Amid technological friction, much of the panel also agreed on the need to recognize the agency of third countries in the U.S.-China relationship. As China matures as an alternative supplier to emerging economies, so too will it continue to develop viable consumer innovations that will challenge Western competition in their home markets. On this note, all of the speakers warned that mistaken assumptions continued to endanger an accurate gauge of China’s innovation potential.

Johnsen Romero is a Policy Research Assistant for the Asia Program at IPD.


Panel 4: Pathways to Manage Non-Proliferation in the Middle East (4:30 PM - 5:45 PM ET)

The Western powers have failed to effectively manage the increasing threat of proliferation in the Middle East. While the international community is concerned with Iran’s nuclear program, Saudi Arabia has moved forward with developing its own nuclear program, and independent studies show that Israel has longed possessed dozens of nuclear warheads. The former is a member of the treaty on the Non-Proliferation of Nuclear Weapons (NPT), while the latter has refused to sign the international agreement. 

On Middle East policy, the Biden campaign had staunchly criticized the Trump administration’s unilateral withdrawal from the Joint Comprehensive Plan of Action (JCPOA), more commonly known as the Iran Nuclear Deal and it has begun re-engaging Iran on the nuclear dossier since assuming office in January 2021. However, serious obstacles remain for responsible actors in expanding non-proliferation efforts toward a nuclear-free zone in the Middle East. 

This panel will discuss how Western powers and multilateral institutions, such as the IAEA, can play a more effective role in managing non-proliferation efforts in the Middle East.  


Peggy Mason: Canada’s former Ambassador to the UN for Disarmament

Mark Fitzpatrick: Associate Fellow & Former Executive Director, International Institute for Strategic Studies (IISS)

Ali Vaez: Iran Project Director, International Crisis Group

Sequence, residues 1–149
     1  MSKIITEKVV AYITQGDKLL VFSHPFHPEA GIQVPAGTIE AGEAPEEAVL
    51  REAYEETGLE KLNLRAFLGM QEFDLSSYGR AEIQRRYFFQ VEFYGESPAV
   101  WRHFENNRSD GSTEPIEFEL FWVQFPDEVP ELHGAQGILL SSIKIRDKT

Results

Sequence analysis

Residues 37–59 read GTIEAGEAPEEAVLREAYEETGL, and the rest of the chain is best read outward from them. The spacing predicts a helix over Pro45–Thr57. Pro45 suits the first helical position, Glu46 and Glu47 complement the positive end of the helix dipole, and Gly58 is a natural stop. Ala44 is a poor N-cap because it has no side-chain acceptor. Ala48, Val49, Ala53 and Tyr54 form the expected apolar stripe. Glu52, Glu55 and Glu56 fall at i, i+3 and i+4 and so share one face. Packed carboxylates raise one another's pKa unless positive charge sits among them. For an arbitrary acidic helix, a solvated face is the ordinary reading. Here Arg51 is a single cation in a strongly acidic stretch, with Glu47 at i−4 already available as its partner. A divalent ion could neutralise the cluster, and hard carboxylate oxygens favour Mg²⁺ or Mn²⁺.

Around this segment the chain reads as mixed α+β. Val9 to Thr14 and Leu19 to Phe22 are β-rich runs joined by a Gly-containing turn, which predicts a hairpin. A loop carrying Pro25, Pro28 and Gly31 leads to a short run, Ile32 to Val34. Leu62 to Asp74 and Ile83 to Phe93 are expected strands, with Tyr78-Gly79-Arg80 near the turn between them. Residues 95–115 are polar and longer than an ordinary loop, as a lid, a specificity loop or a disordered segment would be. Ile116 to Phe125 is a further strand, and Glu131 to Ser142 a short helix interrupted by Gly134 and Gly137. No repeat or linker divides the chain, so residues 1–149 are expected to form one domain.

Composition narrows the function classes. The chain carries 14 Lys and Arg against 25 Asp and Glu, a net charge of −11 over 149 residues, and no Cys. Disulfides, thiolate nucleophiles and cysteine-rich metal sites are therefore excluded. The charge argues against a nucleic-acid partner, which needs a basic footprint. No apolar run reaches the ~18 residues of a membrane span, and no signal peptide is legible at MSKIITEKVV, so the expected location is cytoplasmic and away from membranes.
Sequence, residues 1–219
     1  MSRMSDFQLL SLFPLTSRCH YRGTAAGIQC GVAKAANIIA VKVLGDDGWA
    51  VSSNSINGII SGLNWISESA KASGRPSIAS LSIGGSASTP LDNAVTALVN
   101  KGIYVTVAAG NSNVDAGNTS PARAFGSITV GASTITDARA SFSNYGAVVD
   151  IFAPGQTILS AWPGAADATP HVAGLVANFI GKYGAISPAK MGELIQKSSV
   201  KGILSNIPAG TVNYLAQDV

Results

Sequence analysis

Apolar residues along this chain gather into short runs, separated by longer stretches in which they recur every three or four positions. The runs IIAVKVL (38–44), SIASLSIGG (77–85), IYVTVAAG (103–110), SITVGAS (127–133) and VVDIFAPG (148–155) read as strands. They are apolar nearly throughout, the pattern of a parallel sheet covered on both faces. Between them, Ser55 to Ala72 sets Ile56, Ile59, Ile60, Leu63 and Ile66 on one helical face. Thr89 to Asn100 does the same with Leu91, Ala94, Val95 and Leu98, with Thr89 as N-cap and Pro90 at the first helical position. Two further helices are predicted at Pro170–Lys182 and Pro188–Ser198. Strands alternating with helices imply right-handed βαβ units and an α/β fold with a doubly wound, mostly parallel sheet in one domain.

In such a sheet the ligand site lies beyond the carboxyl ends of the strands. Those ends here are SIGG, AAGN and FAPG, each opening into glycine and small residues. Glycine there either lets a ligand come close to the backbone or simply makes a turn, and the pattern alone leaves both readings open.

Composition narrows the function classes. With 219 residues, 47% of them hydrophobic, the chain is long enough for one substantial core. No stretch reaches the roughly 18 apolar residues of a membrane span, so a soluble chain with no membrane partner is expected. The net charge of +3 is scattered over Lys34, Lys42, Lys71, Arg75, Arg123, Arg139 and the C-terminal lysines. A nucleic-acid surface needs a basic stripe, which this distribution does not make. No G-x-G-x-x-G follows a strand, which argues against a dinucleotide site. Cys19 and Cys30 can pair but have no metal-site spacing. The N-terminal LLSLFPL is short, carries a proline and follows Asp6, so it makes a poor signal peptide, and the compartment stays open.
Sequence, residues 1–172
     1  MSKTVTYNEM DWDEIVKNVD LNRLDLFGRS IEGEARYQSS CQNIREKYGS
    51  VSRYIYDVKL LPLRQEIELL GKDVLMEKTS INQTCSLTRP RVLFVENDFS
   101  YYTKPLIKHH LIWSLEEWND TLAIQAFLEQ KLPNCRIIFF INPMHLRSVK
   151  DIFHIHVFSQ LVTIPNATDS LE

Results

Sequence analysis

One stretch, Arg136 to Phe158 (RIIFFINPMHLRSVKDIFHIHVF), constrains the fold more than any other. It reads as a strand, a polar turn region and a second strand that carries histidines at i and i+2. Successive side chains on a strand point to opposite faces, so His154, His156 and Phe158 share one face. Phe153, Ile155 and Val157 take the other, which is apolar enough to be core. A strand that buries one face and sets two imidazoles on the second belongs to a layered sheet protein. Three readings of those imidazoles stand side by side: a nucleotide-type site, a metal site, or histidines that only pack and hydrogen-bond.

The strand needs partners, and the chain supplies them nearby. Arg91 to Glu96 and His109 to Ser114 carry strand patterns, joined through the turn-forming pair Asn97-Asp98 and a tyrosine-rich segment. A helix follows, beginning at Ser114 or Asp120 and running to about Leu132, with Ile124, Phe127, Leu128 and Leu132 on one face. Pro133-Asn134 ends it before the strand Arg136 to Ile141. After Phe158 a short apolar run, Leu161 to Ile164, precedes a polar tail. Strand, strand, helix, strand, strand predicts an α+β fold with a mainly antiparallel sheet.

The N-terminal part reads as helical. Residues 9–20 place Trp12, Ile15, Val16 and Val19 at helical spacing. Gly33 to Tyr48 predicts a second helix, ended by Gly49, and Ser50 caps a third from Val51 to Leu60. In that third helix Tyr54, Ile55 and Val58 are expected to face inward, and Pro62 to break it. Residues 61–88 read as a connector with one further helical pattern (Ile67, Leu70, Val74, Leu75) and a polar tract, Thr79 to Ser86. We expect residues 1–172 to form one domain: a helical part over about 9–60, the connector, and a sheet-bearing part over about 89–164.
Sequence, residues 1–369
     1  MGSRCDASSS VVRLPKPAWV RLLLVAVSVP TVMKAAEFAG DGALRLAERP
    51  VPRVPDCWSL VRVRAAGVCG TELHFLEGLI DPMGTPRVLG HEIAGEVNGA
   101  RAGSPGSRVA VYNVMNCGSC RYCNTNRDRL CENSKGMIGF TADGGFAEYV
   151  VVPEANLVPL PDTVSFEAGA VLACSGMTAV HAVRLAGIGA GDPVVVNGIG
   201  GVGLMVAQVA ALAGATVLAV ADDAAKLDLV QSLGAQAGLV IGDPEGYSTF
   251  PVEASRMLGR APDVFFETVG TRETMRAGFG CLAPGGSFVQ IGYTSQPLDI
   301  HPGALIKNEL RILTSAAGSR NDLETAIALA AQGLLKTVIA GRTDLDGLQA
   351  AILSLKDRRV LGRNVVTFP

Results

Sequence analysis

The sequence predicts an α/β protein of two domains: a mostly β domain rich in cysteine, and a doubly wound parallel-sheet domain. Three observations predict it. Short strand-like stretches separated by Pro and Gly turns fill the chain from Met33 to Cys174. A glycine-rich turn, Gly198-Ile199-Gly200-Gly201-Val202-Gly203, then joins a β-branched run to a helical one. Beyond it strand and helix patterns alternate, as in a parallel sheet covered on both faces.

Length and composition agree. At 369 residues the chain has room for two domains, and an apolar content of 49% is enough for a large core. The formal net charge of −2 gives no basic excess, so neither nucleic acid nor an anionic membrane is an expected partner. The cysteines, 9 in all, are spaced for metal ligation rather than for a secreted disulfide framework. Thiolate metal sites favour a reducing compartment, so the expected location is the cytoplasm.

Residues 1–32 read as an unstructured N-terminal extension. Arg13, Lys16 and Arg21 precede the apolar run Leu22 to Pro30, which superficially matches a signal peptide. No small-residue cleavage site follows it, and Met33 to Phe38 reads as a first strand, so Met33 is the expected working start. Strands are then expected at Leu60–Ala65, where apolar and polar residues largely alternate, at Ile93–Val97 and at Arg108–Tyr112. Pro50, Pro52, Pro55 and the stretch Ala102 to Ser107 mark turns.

Negar Mortazavi: Journalist and Political Analyst, Host of Iran Podcast

David Albright: Founder and President of the Institute for Science and International Security


Closing (5:45 PM – 6:00 PM ET)

Panel 3: Trade and Business Diplomacy in the Middle East (3:00 PM - 4:15 PM ET)

What is the current economic landscape in the Middle East? While global foreign direct investment is expected to fall drastically in the post-COVID era, the World Bank reported a 5% contraction in the economic output of the Middle East and North African (MENA) countries in 2020 due to the pandemic. While oil prices are expected to rebound with normalization in demand, political instability, regional and geopolitical tensions, domestic corruption, and a volatile regulatory and legal environment all threaten economic recovery in the Middle East. What is the prospect for economic growth and development in the region post-pandemic, and how could MENA nations promote sustainable growth and regional trade moving forward?

At the same time, Middle Eastern diaspora communities have become financially successful and can help promote trade between North America and the region. In this respect, the diaspora can become vital intermediaries for advancing U.S. and Canada’s business interests abroad. Promoting business diplomacy can both benefit the MENA region and be an effective and positive way to advance engagement and achieve foreign policy goals of the North Atlantic.

This panel will investigate the trade and investment opportunities in the Middle East, discuss how facilitating economic engagement with the region can benefit Canadian and American national interests, and explore relevant policy prescriptions.


Hon. Sergio Marchi: Canada’s Former Minister of International Trade

Scott Jolliffe: Chairperson, Canada Arab Business Council

Esfandyar Batmanghelidj: Founder and Publisher of Bourse & Bazaar

Nizar Ghanem: Director of Research and Co-founder at Triangle

Nicki Siamaki: Researcher at Control Risks

Panel 2: Arms Race and Terrorism in the Middle East (12:00 PM - 1:15 PM ET)